Spain is reeling after over 6,000 port workers took strike action recently crippling the country’s 39 major ports and blocking trade, with strikes set to continue on an alternate-day basis for the next two weeks.
The long-planned strikes began after port bosses and workers failed to agree on protections over jobs after a mandate stemming from the EU called for the liberalisation of Spanish port services.
Spanish Prime Minister Mariano Rajoy, leader of the conservative People’s Party, passed the legislation which effectively took the monopoly from port unions to provide loading and unloading services.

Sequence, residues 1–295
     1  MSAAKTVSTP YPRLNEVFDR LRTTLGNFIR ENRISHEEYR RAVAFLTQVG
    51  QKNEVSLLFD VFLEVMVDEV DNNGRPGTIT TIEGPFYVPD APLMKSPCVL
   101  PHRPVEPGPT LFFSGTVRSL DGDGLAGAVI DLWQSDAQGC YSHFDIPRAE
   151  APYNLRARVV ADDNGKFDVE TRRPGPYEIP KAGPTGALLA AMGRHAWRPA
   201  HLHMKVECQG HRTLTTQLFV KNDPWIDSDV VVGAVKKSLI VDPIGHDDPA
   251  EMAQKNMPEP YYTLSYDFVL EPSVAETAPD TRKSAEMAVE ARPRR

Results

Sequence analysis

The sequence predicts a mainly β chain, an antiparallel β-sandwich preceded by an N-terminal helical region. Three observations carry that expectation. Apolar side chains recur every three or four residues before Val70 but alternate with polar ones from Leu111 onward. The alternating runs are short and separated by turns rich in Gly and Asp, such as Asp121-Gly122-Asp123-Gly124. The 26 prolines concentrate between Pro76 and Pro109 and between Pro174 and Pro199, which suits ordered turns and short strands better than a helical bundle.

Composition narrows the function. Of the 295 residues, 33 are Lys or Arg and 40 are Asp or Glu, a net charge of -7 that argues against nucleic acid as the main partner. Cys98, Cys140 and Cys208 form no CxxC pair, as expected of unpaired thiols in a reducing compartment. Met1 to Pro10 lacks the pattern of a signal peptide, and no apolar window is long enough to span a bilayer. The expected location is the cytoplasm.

Spain’s dockworkers union originally announced plans to hold a strike between May 24, 2017 – June 9, 2017, however the strikes actually began Monday June 5, 2017, and will likely run to June 23, 2017.
Several issues have been raised around port workers and the increasing trend of automation in ports and terminals.
As a potential medium to this, the OECD’s Administrator for Ports & Terminals Olaf Merk wrote a paper for the latest edition of PTI focusing on the potential of a ‘Robot Tax’ which could subsidise those who lose out in the switch to automation.
The latest edition of PTI, entitled Automation & AI is set for imminent release and will be online by Friday 9, June.
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